Love Across a Broken Map

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Book: Love Across a Broken Map
Authors: The Whole Kahani
Publisher: Dahlia Publishing
Price: £9.99

Review by Snehal Amembal

Love Across a Broken Map, produced by The Whole Kahani (a group of writers of South Asian origin) is a beautiful anthology of diverse short stories which fuse around the themes of love and loss.

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Sheffield Doc Fest launches one year ‪training‬ programme

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Doc/Next is a one year training initiative by Sheffield Doc/Fest and is open to documentary and all non-fiction ‪#‎directors‬, producers, line ‪producers‬, editors and ‪DOPs‬ across all platforms.

Liz McIntyre CEO and festival director says: “We have listened to emerging talent, who, having secured their first few credits, articulate the difficulty of jumping to the next rung. We have created a programme to nurture the best of that emerging talent, and help them build sustainable ‪#filmmaking‬ careers. Doc/Next is a unique programme that responds to important industry demand in a range of disciplines.”

Doc/Next will provide group training in Sheffield including: bespoke training, masterclasses, business development, peer-to-peer learning, networking, mentoring, placements and delegate attendance at Sheffield Doc/Fest 2017.

The programme is specifically aimed at UK professionals with their first handful of credits who have been in the industry for 18 months to five years, and are ambitious to move up to the next rung of the ladder.

Applications can be submitted from today until 28 July 2016 with the programme due to begin in September.

For more information and the application form, visit the website.

Punjabi Boy explores relationships, masculinity and friendship

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You’ve heard of the Essex Man and the Hackney Hipster it’s time to meet the Punjabi Boys of Hounslow. Gary (Gurinder) and Bob are best friends growing up in Hounslow and while Bob (Balvinder) is your archetypal ‘Punjabi Boy’ who’s loud, enjoys eating Tandoori chicken and drinking whisky. Gary likes to spend his days reading Jean-Paul Sartre and speaking French.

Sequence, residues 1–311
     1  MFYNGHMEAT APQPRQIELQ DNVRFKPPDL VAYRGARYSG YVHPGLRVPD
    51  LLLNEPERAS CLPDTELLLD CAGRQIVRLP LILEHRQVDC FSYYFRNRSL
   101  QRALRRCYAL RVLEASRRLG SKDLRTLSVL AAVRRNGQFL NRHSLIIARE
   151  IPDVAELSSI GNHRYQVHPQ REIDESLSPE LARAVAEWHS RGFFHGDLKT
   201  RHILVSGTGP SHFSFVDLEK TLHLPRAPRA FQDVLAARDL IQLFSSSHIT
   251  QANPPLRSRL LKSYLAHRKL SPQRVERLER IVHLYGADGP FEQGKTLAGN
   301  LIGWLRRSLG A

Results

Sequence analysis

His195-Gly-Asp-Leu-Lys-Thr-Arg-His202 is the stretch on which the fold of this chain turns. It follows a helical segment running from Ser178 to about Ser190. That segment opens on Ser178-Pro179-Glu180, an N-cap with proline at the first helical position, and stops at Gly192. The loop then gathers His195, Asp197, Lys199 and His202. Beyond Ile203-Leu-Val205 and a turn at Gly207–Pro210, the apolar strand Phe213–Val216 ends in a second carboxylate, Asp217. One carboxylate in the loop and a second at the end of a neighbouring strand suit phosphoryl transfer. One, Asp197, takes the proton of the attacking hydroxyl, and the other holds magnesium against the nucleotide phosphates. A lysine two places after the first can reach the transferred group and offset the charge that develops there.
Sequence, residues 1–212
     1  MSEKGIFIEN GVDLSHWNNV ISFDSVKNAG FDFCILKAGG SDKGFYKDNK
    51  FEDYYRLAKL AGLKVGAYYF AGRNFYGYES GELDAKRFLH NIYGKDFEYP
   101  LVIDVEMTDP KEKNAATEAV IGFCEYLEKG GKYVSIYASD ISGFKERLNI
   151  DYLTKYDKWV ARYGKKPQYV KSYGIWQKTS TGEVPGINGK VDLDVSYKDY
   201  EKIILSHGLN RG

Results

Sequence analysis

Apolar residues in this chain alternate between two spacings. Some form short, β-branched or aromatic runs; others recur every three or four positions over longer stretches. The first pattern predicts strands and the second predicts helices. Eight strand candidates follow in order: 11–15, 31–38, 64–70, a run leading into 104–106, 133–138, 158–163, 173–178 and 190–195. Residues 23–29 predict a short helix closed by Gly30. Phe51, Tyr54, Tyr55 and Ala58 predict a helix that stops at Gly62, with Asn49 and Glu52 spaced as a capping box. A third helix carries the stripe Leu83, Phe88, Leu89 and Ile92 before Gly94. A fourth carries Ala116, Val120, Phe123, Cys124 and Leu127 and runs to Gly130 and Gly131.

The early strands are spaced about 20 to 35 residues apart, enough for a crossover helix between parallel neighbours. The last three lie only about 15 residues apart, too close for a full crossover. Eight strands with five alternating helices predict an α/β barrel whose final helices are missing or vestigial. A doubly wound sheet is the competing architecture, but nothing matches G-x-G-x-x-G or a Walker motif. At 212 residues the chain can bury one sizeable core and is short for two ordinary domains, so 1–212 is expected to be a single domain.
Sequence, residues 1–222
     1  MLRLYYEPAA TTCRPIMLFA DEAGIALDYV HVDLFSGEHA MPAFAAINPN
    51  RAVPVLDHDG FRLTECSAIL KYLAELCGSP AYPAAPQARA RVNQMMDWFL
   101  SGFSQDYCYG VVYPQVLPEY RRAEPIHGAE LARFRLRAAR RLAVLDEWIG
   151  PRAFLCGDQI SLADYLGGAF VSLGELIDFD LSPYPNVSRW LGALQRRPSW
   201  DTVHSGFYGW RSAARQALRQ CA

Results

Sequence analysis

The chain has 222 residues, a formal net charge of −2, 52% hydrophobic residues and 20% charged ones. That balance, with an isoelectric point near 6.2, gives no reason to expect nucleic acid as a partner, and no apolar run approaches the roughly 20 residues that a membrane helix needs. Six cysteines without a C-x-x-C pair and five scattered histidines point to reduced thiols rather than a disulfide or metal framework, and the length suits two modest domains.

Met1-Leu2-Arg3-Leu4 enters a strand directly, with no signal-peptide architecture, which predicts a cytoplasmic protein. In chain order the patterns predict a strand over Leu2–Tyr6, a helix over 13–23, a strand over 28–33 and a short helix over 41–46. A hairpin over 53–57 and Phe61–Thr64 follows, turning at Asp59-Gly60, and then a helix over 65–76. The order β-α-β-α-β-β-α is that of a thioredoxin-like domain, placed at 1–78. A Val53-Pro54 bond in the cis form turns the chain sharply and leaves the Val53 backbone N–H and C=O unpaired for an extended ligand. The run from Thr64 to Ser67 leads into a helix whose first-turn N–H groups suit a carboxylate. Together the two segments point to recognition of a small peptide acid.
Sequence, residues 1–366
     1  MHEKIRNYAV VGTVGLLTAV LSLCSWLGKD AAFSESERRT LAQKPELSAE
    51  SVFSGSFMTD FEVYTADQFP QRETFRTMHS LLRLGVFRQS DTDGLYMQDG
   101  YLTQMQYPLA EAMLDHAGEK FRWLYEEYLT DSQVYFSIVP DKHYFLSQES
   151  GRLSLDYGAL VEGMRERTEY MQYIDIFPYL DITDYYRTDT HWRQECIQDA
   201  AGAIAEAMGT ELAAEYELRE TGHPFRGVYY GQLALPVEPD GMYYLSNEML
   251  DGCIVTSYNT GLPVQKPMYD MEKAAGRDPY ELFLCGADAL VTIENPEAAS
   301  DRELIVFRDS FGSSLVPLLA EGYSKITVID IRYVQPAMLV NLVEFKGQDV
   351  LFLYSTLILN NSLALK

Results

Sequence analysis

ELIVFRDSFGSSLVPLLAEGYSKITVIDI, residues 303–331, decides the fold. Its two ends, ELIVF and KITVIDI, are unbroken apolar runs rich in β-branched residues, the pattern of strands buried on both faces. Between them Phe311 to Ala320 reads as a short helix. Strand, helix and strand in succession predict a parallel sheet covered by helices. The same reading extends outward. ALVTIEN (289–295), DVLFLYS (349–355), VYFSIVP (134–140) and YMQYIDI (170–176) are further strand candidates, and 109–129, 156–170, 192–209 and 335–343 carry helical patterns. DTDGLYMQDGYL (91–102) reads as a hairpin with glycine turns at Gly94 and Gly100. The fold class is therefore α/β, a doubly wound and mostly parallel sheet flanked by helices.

“You’d forget you was Punjabi if you didn’t look in the mirror every now and then. I bet you never told your posho mates that you never even spoke English. We couldn’t speak English. Only Punjabi.”

Gary wants to find his place in the world, so he escapes West London and his own Punjabi community to study in France. Here, he discovers for the first time in his life that being Indian is interesting! However, when he falls for Aurelie, the first girl he meets, life starts to get complicated in ways he never imagined. Can Gary find love and a home in France or will he return to England and his own community?

Punjabi Boy, written by Amman Paul Singh Brar, was developed with the The Royal Court Theatre Critical Mass writing group and is directed by Mukul Ahmed.

The play will be performed at Hounslow Arts Centre from 5 to 24 July 2016 at 7.45pm. Tickets cost £10.00 (£8.00 concessions).

My Name is Leon

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Book: My Name is Leon
Author: Kit de Waal
Publisher: Viking
Price: £10.99

Review by Reshma Ruia

Kit De Waal’s debut novel My Name is Leon deserves its critical acclaim and place on the Sunday Times bestseller list.

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A tender and tortured soul: Nathan Ives-Moiba as Marvin Gaye. Photo: Robert Day